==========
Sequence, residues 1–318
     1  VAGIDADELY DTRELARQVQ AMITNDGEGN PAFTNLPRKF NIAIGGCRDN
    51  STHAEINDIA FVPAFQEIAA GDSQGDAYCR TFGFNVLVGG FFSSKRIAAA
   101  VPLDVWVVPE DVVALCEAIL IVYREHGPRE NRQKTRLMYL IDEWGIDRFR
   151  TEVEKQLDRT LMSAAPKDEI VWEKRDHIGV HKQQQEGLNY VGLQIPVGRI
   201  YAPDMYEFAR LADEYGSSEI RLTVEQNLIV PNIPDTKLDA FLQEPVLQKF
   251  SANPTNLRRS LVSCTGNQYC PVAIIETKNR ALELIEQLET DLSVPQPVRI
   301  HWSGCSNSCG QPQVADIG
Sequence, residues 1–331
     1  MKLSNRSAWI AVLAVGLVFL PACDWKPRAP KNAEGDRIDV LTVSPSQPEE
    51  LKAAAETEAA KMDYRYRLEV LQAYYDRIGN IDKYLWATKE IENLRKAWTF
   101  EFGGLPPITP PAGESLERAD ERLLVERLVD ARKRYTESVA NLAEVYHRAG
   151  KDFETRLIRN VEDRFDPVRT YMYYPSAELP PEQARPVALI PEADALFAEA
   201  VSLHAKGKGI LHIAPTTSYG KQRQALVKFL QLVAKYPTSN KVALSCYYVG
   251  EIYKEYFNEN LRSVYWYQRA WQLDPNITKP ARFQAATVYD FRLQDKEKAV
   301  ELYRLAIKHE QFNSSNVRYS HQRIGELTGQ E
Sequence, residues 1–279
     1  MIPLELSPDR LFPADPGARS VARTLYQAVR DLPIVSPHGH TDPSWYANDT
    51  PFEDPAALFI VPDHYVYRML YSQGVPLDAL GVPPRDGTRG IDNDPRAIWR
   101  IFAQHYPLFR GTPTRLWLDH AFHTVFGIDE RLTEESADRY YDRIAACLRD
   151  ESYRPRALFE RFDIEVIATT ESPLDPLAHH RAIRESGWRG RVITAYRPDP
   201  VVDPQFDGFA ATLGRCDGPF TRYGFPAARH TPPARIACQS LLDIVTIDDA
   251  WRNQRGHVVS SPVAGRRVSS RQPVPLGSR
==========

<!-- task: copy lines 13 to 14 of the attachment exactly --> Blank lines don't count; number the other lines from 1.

   151  KDFETRLIRN VEDRFDPVRT YMYYPSAELP PEQARPVALI PEADALFAEA
   201  VSLHAKGKGI LHIAPTTSYG KQRQALVKFL QLVAKYPTSN KVALSCYYVG